The Round Table: Turn pro or stay in school?

Each week we ask our panel of writers, PGA members and golf industry experts to weigh in with their views on the hot topics of the day.

Golf fans were treated to another gem last week with the announcement that Tiger Woods, Jason Day, Rory McIlroy and Hideki Matsuyama will tee off in a Skins Game next month in Japan. While last year’s ‘The Match’ between Woods and Mickelson was a ratings disaster and perhaps the worst piece of golf ever on TV and former Skins Games fizzled due to lack of interest, some people evidently believe there is still an audience for this sort of contrived competition. What’s your take on the upcoming Skins Game and this type of golf entertainment in general?

Jim Deeks, Fairways Magazine (@jimdeeks): Exhibition golf was fun back in the 60s-90s, but I must admit I have zero interest in watching it now. When we managed the Canadian Skins Game back in the early 90s, we realized that it was critical to secure the biggest names in the game, to attract spectators and viewers.  (IMG kept trying to foist names like Duffy Waldorf and Scott Gump on us, but we were adamantly opposed). The first player we signed, in 1993, was Jack Nicklaus… this coup then opened the door to Fred Couples, Nick Price and Ray Floyd… giving us the credibility to attract Lee Trevino, Tom Watson, Nick Faldo, Ben Crenshaw, Ernie Els, Greg Norman, and Couples and Price continuously, over the next four years.  The golf competition was taken seriously by players and viewers, but also more light-hearted than a “real” event.  It was good on the ground, and on TV screens.  Today, I think most people see these events as meaningless, played for forced gags, often boring, and the players are so rich that the “prize money” (and the appearance fees they get) make it all rather meaningless to them as well, and it shows.

Craig Loughry, Golf Ontario (@craigloughry): There’s an audience for this. SKINS is probably a better format to play than Match Play between just two players, which we saw last Fall with both TW and Mickelson playing poor golf on a golf course nobody was exactly familiar with. But what if the players had to put up their own money? Would that help spice things up? Or play it on a really special course to add some allure, there’s no shortage of them around the world). I’d rather watch the old Shells’ Wonderful World of Golf series than anything over the past 20 years for all those reasons: players and venue).

Michael Schurman, Master Professional / Life Member, PGA of Canada: I will watch it only because I may have to comment on it. In the ‘old’ days we couldn’t get enough of Jack, Arnie and Lee and even Freddie. Today, I’m watched out on Tiger, could care less about Jason, Rory is fun, and Matsuyama is OK but a little bland.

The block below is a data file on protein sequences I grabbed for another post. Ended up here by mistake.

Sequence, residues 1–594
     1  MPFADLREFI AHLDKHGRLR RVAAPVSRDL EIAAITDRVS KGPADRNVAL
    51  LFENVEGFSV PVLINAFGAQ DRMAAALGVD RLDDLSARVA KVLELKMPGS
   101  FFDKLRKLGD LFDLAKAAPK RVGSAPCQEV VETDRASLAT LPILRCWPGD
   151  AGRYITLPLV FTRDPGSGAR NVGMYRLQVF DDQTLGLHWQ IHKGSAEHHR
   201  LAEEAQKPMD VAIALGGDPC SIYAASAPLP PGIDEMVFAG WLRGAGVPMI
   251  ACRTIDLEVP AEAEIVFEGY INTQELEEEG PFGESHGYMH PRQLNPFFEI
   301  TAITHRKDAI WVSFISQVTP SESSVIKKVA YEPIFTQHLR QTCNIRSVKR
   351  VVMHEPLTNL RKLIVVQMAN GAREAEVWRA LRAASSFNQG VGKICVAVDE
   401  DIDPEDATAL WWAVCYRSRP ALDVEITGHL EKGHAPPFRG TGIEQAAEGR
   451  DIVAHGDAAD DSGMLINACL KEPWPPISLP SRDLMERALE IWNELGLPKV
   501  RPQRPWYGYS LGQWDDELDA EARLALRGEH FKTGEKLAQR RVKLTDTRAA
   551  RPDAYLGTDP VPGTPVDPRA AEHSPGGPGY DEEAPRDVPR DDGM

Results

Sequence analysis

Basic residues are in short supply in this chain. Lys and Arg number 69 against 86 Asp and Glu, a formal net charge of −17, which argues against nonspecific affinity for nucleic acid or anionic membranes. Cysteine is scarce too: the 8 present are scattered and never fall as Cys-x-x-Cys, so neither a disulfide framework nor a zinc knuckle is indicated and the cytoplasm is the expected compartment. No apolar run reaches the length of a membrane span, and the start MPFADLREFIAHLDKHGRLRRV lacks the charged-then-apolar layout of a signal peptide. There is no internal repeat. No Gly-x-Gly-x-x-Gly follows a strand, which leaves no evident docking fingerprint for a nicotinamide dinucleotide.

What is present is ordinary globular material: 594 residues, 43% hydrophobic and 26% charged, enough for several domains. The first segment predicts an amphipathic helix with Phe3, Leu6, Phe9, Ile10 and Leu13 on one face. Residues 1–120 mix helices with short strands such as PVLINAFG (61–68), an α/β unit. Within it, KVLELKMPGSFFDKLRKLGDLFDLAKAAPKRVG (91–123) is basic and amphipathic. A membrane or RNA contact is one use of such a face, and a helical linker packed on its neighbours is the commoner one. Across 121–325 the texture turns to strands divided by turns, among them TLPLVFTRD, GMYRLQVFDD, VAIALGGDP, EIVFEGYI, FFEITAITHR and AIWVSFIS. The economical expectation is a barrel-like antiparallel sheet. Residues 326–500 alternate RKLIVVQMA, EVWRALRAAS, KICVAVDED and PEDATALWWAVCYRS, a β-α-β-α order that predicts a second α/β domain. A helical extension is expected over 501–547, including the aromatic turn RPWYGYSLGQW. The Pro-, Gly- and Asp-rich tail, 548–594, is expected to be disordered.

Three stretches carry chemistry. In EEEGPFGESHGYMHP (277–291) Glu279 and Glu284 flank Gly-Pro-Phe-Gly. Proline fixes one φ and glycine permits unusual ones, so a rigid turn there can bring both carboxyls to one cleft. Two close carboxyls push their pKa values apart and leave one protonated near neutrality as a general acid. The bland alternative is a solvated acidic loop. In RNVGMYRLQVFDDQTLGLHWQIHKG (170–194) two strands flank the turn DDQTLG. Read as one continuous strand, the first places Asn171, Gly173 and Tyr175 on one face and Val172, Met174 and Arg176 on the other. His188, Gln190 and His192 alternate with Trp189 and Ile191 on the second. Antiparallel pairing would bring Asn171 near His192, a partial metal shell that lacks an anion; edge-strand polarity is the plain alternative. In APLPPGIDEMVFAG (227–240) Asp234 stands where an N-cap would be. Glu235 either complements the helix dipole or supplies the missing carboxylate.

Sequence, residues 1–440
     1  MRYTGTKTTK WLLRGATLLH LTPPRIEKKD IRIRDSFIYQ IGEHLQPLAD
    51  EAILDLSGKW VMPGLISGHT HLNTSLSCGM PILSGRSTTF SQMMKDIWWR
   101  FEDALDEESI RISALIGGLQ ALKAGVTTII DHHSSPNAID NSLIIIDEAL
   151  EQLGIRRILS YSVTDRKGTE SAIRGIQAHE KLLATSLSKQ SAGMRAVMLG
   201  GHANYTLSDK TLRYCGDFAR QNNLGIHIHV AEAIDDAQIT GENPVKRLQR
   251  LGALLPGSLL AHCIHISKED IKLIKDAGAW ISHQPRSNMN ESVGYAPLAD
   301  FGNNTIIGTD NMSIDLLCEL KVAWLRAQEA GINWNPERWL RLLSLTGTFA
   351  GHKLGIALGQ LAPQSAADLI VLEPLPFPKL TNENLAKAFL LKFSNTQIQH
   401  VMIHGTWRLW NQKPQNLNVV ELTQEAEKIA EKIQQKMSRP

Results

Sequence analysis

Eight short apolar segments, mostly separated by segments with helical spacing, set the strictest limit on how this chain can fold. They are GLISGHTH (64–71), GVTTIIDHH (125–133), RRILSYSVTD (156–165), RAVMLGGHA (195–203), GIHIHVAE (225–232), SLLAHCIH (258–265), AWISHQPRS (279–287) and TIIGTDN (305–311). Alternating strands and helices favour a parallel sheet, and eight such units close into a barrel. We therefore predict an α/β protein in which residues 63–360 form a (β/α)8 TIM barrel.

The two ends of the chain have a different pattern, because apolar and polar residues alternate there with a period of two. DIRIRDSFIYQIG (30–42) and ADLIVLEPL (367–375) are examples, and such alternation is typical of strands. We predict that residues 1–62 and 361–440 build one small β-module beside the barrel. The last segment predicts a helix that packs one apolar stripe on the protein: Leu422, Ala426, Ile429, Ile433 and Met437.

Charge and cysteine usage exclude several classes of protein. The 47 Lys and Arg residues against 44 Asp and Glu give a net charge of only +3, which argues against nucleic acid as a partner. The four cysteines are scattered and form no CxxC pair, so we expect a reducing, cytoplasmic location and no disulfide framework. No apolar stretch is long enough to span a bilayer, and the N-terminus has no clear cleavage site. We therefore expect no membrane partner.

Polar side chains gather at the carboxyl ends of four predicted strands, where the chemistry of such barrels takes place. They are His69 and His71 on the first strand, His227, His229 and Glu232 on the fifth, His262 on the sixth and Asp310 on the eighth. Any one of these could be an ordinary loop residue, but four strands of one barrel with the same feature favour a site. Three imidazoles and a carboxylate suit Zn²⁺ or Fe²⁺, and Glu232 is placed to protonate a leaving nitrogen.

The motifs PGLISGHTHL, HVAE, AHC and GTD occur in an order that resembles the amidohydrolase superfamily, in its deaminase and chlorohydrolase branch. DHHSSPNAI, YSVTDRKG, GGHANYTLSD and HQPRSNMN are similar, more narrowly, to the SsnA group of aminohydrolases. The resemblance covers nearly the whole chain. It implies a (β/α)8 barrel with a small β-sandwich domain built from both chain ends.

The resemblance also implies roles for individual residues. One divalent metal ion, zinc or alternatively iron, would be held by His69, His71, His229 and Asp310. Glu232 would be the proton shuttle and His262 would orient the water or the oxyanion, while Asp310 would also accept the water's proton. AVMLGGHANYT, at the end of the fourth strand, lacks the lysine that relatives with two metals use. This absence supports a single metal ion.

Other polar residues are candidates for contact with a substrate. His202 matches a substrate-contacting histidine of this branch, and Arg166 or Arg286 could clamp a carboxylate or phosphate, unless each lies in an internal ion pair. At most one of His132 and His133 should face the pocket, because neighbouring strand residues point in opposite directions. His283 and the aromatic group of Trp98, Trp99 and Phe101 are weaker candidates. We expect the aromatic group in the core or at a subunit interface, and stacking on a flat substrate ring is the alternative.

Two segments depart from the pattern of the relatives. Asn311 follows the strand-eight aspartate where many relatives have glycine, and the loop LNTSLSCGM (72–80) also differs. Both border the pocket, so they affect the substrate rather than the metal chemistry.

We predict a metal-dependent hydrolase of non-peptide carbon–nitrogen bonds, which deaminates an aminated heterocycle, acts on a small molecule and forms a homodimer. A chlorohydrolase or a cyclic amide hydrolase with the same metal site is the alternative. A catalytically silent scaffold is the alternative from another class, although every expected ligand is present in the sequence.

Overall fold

Dave Kaplan, Freelance Writer (@davykap): Did Discovery not get the memo or something? These events don’t work. There is too much dead airtime and the refreshing insights into the minds of the world’s best players, that all of these promos promise, always amount to nothing. This event may very well draw some eyeballs overseas, which aligns with GOLFTV’s mission statement of airing more live golf to international audiences, but it’s going to fall woefully short here. The event starts waaaaay too late—midnight on the 21st— and is not going to draw any viewers with its combined $350,000 purse. I’d rather watch the pros play a televised round of mini golf.

TJ Rule, Golf Away Tours (@GolfAwayTJ): Not my cup of tea.  In a way, it’s nice to see the guys in a different frame of mind and more relaxed and social during the round, but I like watching golf shots and in a skins game with only 4 players, there aren’t a lot of golf shots.  Unless it’s played on an iconic course (I’d watch a skins game at Augusta or even the Old Course), I’m not interested.  But I guess there are those that will pay to watch this, otherwise they wouldn’t be able to afford the appearance fees alone!

Hal Quinn, Freelance Writer, Vancouver: Back when Tour TV coverage was a rare treat, and it started on the 16h hole, the SKINS were must see events for golfers. Man, that was a long, long time ago. This one’s being ‘staged’ in Japan, so maybe the sponsor think there’s an Asian audience. There certainly isn’t one in North America.

Peter Mumford, Fairways Magazine (@FairwaysMag): Fifty years ago, Shell’s Wonderful World of Golf introduced us to exotic destinations using a couple of veteran Tour players as filler. The conversation and the narrative were terrible but at the time we didn’t know any better. Last year, The Match proved that all the modern production wizardry in the world still can’t make this kind of thing entertaining if there’s nothing at stake. The Ryder Cup is compelling drama, Skins Games are not. Until the producers of this kind of crap run out of suckers to sponsor it, I guess they’ll keep cranking it out. I won’t be watching.